Illustration by Yann Kebi
When English professor Achsah Guibbory first encountered poems by the 17th-century poet John Donne in graduate school, she was struck by—among other things—their subject matter. “They were about sex!” she says. “I didn’t really think that people in the early 17th century wrote poems that had to do with sex.” To boot, they were funny, clever, challenging, and direct. “When you read them you felt like he was speaking directly to you.”
We’re sitting in Guibbory’s office on a cloudy March morning, and after I ask her to share a favorite Donne poem from that time in her life, she rushes to her desk, seizes a volume, and begins to recite “The Good Morrow”: “I wonder, by my troth, what thou and I / Did, till we loved? Were we not weaned till then? / But sucked on country pleasures, childishly?” Those lines alone support her points; they’re rich with erotic jokes. “Country” puns on the female anatomy, and “sucked”—which, she tells me, would have appeared in print with a long “s” that resembled an “f”—refers to another forbidden word.
Guibbory has been at Barnard since 2004, when she came from the University of Illinois, and has served as an Ann Whitney Olin Professor of English. Her students have loved Donne for many of the same reasons she fell for him: for being a “bad boy,” she writes in her new book, Returning to John Donne (Ashgate Publishing Company, 2015) and for his “double-entendres, his boldness, his wit.”
On multiple occasions, students’ ideas have influenced Guibbory’s thinking on the poet. Many Donne readers highlight his disdain for women, and with good reason. (Of Eve, he wrote: “One woman at one blow, then kill’d us all, / And singly, one by one, they kill us now.”) But one student argued that, in some misogynistic poems, “a deeper dynamic was at play,” Guibbory recalls.
Her insight helped Guibbory realize that, in certain poems that seem to punish women, “he’s not really talking about women and sex but about the church—it’s not misogynist, it’s really anti-religious authority.” The church is often identified as a woman in the New Testament and the relationship between humans and God is described as a marriage in both the Old and New Testaments. His wish to avoid committing to a woman, she explains, mirrors his wish to avoid committing to a church that insists on religious conformity—a dangerous position in Donne’s time, and one more safely communicated through analogy than through direct statement. “As long as I’ve done this,” Guibbory says, “I still have students who think new thoughts. There’s this great back-and-forth, and it’s so exciting to me.”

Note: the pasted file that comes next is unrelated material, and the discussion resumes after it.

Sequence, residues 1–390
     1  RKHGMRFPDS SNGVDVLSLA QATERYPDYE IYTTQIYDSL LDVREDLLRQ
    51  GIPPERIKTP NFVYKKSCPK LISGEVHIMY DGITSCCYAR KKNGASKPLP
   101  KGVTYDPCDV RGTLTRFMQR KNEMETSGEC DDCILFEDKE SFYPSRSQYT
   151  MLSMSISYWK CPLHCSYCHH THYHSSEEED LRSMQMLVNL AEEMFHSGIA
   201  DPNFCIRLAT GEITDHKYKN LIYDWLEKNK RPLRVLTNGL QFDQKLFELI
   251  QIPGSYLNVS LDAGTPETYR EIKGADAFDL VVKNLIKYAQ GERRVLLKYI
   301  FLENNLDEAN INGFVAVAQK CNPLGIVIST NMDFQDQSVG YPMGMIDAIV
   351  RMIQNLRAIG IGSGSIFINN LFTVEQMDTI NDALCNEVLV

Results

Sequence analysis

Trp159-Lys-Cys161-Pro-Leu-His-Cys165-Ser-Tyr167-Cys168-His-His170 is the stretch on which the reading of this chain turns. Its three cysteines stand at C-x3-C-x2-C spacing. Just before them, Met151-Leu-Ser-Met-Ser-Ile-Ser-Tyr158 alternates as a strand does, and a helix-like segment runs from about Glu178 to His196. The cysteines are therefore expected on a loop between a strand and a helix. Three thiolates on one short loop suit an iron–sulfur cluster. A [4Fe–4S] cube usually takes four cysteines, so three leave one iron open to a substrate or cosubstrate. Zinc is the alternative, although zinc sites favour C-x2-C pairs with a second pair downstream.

Religion provides a thread through Guibbory’s courses, which extend well beyond Donne’s terrain. In her junior English colloquiums—required English-major courses focusing on Renaissance and Enlightenment writers—she emphasizes religious identity, conflict, and toleration. Her Milton class places the writer of Paradise Lost within the contexts of his time and place, showing how his political and religious concerns intersected with his literary ones. For next fall, she plans a senior seminar that explores the treatment of sexuality, sin, and spirituality within a range of authors—from Donne and Milton to Professor Mary Gordon ’71.
Milton’s devotional poetry first inspired Guibbory’s scholarly interest in Christianity. Later research prompted her to bring Judaism into the mix: she discovered that certain Protestants disapproved of ritual and ceremony because they saw it as a continuation of Catholicism and—to her surprise—Judaism. She then began to explore how 17th-century English Christians understood the relationship between their religion and its Jewish antecedents. Such concerns anchor much of her work, including Christian Identity, Jews, and Israel in Seventeenth-Century England (Oxford University Press, 2010). Other publications include Ceremony and Community from Herbert to Milton (Cambridge University Press, 1998) and The Cambridge Companion to John Donne (Cambridge University Press, 2006).